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The photometric depth depends on various factors like number of exposures used, total exposure time, seeing, cloud coverage, and crowdedness. Therefore PS1 does not have a uniform depth (see spatial depth maps below), but overall due to a real effort to apply a PS1 Observing strategy that maximizes the uniformity, the differences in depth are in general only a few tenths of magnitude. Galaxy photometry appears to have a depth about 0.3 -- 0.4 magnitudes shallower than point source photometry.
The table below shows the depth maps of the PS1 grizy filters for 50% and 98% completeness on the left and right side, respectively, determined with PSF photometry of stellar sources in the stacked images. if fields with |b| < 20 are excluded, the median improves by ~0.1 mag.
The depth of the PS1 galaxy catalogue is shallower than the stellar catalogue simply because galaxies, being extended sources, have lower surface brightnesses. In the figure below, copied from Fig 12 of Metcalfe et al (2013), we show how the depth of simulated stars (green and blue) compares to the depth of simulated galaxies (magenta) on a stack of science verification data (for more details see the paper).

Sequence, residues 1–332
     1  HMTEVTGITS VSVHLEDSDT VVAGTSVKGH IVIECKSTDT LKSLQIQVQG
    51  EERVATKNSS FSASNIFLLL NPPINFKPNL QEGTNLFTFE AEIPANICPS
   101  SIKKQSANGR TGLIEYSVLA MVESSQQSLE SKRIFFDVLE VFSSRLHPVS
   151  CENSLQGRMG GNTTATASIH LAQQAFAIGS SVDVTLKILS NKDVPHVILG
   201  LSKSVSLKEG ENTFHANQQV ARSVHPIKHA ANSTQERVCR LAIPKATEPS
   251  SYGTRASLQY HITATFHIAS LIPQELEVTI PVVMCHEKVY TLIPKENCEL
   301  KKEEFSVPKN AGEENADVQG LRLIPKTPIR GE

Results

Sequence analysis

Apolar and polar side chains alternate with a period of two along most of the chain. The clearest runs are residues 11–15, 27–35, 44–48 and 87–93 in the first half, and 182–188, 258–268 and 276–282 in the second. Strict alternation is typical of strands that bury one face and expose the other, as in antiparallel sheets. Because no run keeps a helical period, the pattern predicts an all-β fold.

A comparison of star- versus galaxy-completeness was also carried out by comparing the DR1 data to the DR3 data. The depth of stars and galaxies is presented below, using the KiDs star/galaxy separation down to faint magnitudes. Note that the KiDs star/galaxy separation is imperfect at faint magnitudes. The different panels represent different FWHM values in PS1, showing some image quality dependence on depth.
This figure and further tests of galaxy depth will be presented in Farrow et al (in preparation).
Both of the figures suggest the depth of the galaxy catalogue is typically 0.3-0.4 mags shallower than the stars.
Median 50% and 98% completeness for the PS1 grizy filters, determined with PSF photometry of stellar sources in the 3pi stacked images.